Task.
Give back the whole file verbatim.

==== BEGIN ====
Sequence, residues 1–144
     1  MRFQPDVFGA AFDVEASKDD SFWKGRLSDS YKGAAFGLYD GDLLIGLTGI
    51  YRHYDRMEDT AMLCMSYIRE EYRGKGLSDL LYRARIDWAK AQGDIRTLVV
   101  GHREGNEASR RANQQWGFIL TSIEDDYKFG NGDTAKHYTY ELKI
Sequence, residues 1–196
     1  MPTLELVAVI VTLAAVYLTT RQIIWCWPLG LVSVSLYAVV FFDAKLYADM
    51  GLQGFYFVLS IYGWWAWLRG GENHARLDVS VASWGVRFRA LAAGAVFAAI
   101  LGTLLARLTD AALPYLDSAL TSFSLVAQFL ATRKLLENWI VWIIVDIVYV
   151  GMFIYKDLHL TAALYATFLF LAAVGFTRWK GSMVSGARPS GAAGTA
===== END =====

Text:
Sequence, residues 1–144
     1  MRFQPDVFGA AFDVEASKDD SFWKGRLSDS YKGAAFGLYD GDLLIGLTGI
    51  YRHYDRMEDT AMLCMSYIRE EYRGKGLSDL LYRARIDWAK AQGDIRTLVV
   101  GHREGNEASR RANQQWGFIL TSIEDDYKFG NGDTAKHYTY ELKI
Sequence, residues 1–196
     1  MPTLELVAVI VTLAAVYLTT RQIIWCWPLG LVSVSLYAVV FFDAKLYADM
    51  GLQGFYFVLS IYGWWAWLRG GENHARLDVS VASWGVRFRA LAAGAVFAAI
   101  LGTLLARLTD AALPYLDSAL TSFSLVAQFL ATRKLLENWI VWIIVDIVYV
   151  GMFIYKDLHL TAALYATFLF LAAVGFTRWK GSMVSGARPS GAAGTA